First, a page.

SK.2017.64: Deci­si­on of the BStrGer of May 9, 2018 on Art. 271 StGB (not legal­ly binding).

On May 9, 2018, the Federal Cri­mi­nal Court (BStrGer) issued a ruling on Art. 271 StGB (SK.2017.64) and com­men­ted on some dis­puted or unclear points. The judgment is not legal­ly bin­ding (cf. here).


The rele­vant con­duct is set against the back­ground of the US tax dis­pu­te. In the sum­mer of 2012, an asset mana­ger – B. AG – had a law firm and an employee com­pi­le a dos­sier on cli­ents who might be liable for tax in the USA. In Octo­ber 2012, B. AG tur­ned its­elf in in the USA. In the sum­mer of 2013, B. AG pro­po­sed to the DOJ that it seek the release of the custo­mer dos­siers by way of legal or admi­ni­stra­ti­ve assi­stance, which the DOJ rejec­ted. In Novem­ber 2013, the Chair­man of the Board of Direc­tors of B. AG tra­v­eled to the USA and han­ded over the dos­sier on a USB stick to the US lawy­er of B. AG, who pas­sed the stick on to the DOJ.

In the view of the Office of the Attor­ney Gene­ral of Switz­er­land, the Chair­man of the Board of B. AG ther­eby vio­la­ted Art. 271 StGB (pro­hi­bi­ted acts for a for­eign sta­te). The BStrGer fol­lo­wed the BA with regard to the objec­ti­ve ele­ments of the offen­se, but acquit­ted the defen­dant becau­se the sub­jec­ti­ve ele­ments of the offen­se were missing:

Objec­ti­ve facts

Infor­ma­ti­on Retrieval

The BStrGer first exami­ned the fac­tua­li­ty of the com­pi­la­ti­on of the dos­sier. Here, the court fol­lows the fol­lo­wing doctrine:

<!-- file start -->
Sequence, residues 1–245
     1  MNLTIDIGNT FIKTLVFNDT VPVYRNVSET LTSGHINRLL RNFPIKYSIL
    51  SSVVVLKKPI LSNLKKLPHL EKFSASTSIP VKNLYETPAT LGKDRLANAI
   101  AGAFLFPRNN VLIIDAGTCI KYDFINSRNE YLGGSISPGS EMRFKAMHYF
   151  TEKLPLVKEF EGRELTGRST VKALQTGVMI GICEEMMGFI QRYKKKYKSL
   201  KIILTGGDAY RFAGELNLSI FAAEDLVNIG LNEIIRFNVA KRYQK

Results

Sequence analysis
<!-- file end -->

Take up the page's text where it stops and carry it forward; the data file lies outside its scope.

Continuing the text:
In the lite­ra­tu­re, the opi­ni­on is expres­sed that the Pro­cu­re­ment of infor­ma­ti­on not in accordance with the offence if such a pro­ce­du­re would also be admis­si­ble for pro­ce­e­dings befo­re Swiss aut­ho­ri­ties (ROSENTHAL, in: Rosenthal/Jöhri, Hand­kom­men­tar zum Daten­schutz­ge­setz, 2008, Art. 271 StGB N 29; HUSMANN, loc. cit., N 34). This view can be accep­ted with regard to con­stel­la­ti­ons Be fol­lo­wedin which the per­son obtai­ning the data in que­sti­on is enti­t­led to it. Inso­far as infor­ma­ti­on is obtai­ned by means of an inter­nal inve­sti­ga­ti­on and no docu­ments obtai­ned from third par­ties Accord­in­gly, from an objec­ti­ve point of view, the­re is no con­duct con­sti­tu­ting a cri­mi­nal offen­se wit­hin the mea­ning of Art. 271 No. 1 StGB.

In the pre­sent case, B. AG was enti­t­led to the data in que­sti­on becau­se the docu­ments had been obtai­ned “wit­hin the scope of B. AG and its sub­si­dia­ries” and had been pro­ces­sed by the law firm com­mis­sio­ned and by one of its own employees. Moreo­ver, the sub­jec­ti­ve ele­ments of the offen­se were also lacking here, becau­se at the time the infor­ma­ti­on was obtai­ned, the­re was no inten­ti­on to for­ward the docu­ments to the DOJ without authorization.

Infor­ma­ti­on announcement

In con­trast, the BStrGer con­si­de­red the facts of Art. 271 SCC to be ful­fil­led in objec­ti­ve terms by the han­do­ver of the dos­sier for the atten­ti­on of the DOJ:

  • The Volun­ta­ri­ness of sur­ren­der, con­tra­ry to the rele­vant doc­tri­ne, gene­ral­ly exclu­des the facts from the not offfor two rea­sons: (i) the­re is no sup­port for this in the wor­d­ing of Art. 271 SCC, and (ii) Art. 271 SCC pro­tects Swiss sov­er­eig­n­ty, which is why the admis­si­bi­li­ty of sur­ren­der out­side the offi­cial or legal assi­stance chan­nels can­not be at the dis­cre­ti­on of a pri­va­te party.